The Newark Rhythms wordmark is customized following the curvature and spacing provided by the mirroring lower case “n” & “r.” It creates a gestalt through the repetition of the letter’s formal qualities establishing rhythm through typographic flow.
The icon’s single line creates wave gestures granting flexibility to the entire brand. Supporting visual elements derived from the icon’s permutations keeps the identity continuously evolving.
A historic photographic collection of the Rutgers University-Newark campus’ life and architecture, appear on stationery & promotional materials.
Along with her role as Assistant Professor of Graphic Design at Rutgers University-Newark, Chantal is a founding member of IntraCollaborative, a team of designers and educators sharing a deep-seated interest in design and its relevance to the social sector.
Chantal integrates publicly engaged practice and design education through her work at Express Newark, as Co-Director of Visual Means and Design Consortium, two academic programs that model a design-studio working experience in which faculty, students, researchers and community partners engage in a collaborative design process to create impact in the city of Newark.
Through my academic research at Rutgers University-Newark, I’ve experienced a clear intersection and productive exchange between my career focus, my role in the classroom and my responsibility to the community — through collaboration, co-building, social engagement and service learning — so I continued to investigate ways in which social contexts can be applied to the fundamentals of graphic design: image, word, message-making and the technological conditions of the medium.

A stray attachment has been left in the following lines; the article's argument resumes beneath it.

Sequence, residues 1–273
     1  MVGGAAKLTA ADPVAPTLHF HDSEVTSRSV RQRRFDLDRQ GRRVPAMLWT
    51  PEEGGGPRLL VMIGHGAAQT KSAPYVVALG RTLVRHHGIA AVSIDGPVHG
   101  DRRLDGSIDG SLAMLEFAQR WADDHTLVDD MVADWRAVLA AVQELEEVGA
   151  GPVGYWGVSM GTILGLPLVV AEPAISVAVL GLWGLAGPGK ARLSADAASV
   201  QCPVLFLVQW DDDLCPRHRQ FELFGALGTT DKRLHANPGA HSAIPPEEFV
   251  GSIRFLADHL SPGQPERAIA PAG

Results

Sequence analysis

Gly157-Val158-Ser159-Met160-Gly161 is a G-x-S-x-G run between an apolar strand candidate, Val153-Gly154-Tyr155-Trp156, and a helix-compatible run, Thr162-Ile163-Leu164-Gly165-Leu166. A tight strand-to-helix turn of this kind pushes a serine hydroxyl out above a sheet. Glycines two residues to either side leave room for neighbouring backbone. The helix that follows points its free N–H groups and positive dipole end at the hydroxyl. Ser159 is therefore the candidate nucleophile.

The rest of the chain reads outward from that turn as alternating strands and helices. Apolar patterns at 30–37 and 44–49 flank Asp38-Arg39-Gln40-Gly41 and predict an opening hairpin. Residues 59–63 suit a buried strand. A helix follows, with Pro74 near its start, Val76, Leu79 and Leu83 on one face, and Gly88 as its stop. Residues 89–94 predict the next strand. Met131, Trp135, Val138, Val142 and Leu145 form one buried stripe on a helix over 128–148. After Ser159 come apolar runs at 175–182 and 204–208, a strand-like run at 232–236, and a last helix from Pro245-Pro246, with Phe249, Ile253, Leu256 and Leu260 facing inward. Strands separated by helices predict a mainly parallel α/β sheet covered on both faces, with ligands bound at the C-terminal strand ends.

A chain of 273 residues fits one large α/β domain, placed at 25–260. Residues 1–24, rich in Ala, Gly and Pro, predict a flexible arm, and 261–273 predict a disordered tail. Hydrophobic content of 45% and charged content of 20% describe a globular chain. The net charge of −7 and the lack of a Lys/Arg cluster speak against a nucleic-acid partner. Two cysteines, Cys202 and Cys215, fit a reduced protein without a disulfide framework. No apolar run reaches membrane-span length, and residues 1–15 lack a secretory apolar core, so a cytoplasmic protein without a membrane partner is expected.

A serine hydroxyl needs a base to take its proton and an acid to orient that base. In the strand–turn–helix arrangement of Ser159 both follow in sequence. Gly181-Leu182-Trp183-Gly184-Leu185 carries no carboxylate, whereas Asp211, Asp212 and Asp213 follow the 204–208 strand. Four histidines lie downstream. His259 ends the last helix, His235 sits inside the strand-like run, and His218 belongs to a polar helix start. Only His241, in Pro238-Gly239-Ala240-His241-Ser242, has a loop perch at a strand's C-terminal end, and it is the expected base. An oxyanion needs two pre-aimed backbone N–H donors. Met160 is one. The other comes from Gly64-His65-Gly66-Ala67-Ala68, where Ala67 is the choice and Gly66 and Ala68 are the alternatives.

One of the most important aspects of my professional development has been the collaborative process. The strategy, decision making and design process behind highly charged social issues, are more purposely founded and more democratic when it is informed by a collaborative and/or participatory process with partners, clients, audiences.
Newark Rhythms (NR) is a three-year research, commemoration and public history project about the Rutgers University-Newark campus, timed for the 50th anniversary of its construction and official dedication in 1968. Combining archival research, exhibitions, sonic-spatial & visual arts performances, as well as community outreach, it aims to recover, document, and make present the history of the campus’s modernist architectural design as part of the urban renewal in 1960s Newark, and how these developments related to concurrent social issues and artistic movements.
Taking its inspiration from urban geographer Henri Lefebvre’s Rhythmanalysis, it explores how a space becomes a “place” imbued with social meaning. By examining the rhythms that influenced the campus’s modernist design and construction from 1961-1971 — Great Society idealism and artistic practice, migration and social mobility, displacement and segregation — Newark Rhythms surveys the history of the university and its surrounding Newark neighborhoods in post-war America.
Over the course of 2019 and early 2020, Newark Rhythms opened a dialogue between sound and space, between avant garde music and architectural modernism, by hosting a series of sonic-spatial and participatory performances around the Rutgers-Newark Plaza and in the building interiors.
This project was designed as part of a collaboration with Dr. Eva Giloi, Author & Associate Professor of History at RU-N; Ian Cofre, Curator & Editor for NR; & Shine Portrait Studio at Express Newark.